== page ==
"You've just won a fabulous vacation or prize package! Now, if you'll kindly give me your credit card information and social security number for verification purposes, you will receive this awesome gift!"
Now why would they need my credit card or social security number to send me a freebie? Can you say, "identity theft?"
Although there are legitimate reasons for people to need that information, such as a purchase or job application, thieves need it to steal your life and money from you!
Crime officials are reporting that this kind of theft is becoming quite common. Don't be a victim! Follow a few common-sense suggestions to avoid finding out someone else has taken over your life-along with your bank account!
-Do not allow anyone to borrow your credit cards! Your best friend may be trustworthy, but her boyfriend may not be!
-Don't provide personal information such as date of birth, credit card numbers, your pin number, mom's maiden name, or social security number over the telephone unless you initiate the call.
Don't leave mail lying around for strangers to pry into. How well do you really know your teen's friends?
-Destroy all bills, pre-approved credit card applications, credit card receipts, and other financial information when you no longer need such items.
-Don't keep private information like pin numbers and such in your purse or wallet. It's just too risky. We humans are much too forgetful. Be honest, how many times have YOU had to return to a restaurant or friend's home to retrieve your purse? Is there anything in there that could harm you if it was stolen or lost? Time to check.
-Check your credit reports regularly. To order your report, call the three major credit bureaus at these toll-free numbers: Equifax at (800) 685-1111, Experian at (888) 397-3742, or Trans Union at (800) 888-4213. By law, the most you can be charged for a copy of your report is $8.50. To be safe, consider getting a copy from each of the three companies. If after reviewing your report you spot signs of a possible fraud, report it immediately!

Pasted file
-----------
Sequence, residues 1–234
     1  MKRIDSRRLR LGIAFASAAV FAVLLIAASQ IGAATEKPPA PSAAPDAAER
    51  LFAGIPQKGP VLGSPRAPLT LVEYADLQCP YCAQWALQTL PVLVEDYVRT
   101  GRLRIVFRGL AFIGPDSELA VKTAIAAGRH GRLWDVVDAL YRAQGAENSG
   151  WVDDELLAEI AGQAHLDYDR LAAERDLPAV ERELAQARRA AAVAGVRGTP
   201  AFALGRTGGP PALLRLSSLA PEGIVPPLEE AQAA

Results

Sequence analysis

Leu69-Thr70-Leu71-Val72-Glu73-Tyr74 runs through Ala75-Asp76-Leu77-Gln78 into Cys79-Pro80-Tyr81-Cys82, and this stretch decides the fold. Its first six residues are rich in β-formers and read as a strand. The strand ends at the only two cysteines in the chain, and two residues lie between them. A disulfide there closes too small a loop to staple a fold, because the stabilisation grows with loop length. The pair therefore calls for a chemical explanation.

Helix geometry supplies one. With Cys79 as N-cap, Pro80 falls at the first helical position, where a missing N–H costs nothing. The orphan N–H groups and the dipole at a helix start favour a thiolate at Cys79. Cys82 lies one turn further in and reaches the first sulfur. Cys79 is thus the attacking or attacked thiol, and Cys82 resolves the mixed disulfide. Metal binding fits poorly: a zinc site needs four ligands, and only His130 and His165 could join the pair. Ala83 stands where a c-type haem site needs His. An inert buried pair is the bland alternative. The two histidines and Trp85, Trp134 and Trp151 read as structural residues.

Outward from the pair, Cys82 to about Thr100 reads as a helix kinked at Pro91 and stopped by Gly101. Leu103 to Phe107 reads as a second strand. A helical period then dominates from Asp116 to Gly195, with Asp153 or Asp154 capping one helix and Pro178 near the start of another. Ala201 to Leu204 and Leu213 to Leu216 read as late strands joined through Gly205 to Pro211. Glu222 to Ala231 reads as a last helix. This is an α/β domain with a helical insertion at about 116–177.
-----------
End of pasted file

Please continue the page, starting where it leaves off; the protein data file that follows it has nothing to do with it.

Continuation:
-Keep your passwords and pins confidential and secure. Avoid passwords and pin numbers that will be easy for a thief to figure out. For example, don't use your name, street address or birth date. Also, change your passwords every once in awhile, just to be safe.
The FTC works for the consumer to prevent fraudulent, deceptive and unfair business practices in the marketplace and to provide information to help consumers spot, stop and avoid them. To file a complaint or to get free information on consumer issues, visit www.ftc.gov or call toll-free, 1-877-FTC-HELP (1-877-382-4357); TTY: 1-866-653-4261. The FTC enters Internet, telemarketing, identity theft and other fraud-related complaints into Consumer Sentinel, a secure, online database available to hundreds of civil and criminal law enforcement agencies in the U.S. and abroad. Report suspected Internet-based fraud to the Federal Trade Commission or the IFCC (www.ifccfbi.gov/Default.asp), a new joint project of the FBI and the National White Collar Crime.
Kristi Sayles, author of too many publications to list here, invites everyone to subscribe to her Internet Treasures Newsletter. Freebies, advice, information, humor and other treasures from the Internet are included. It's free! http://smartauthor.com/treasures.html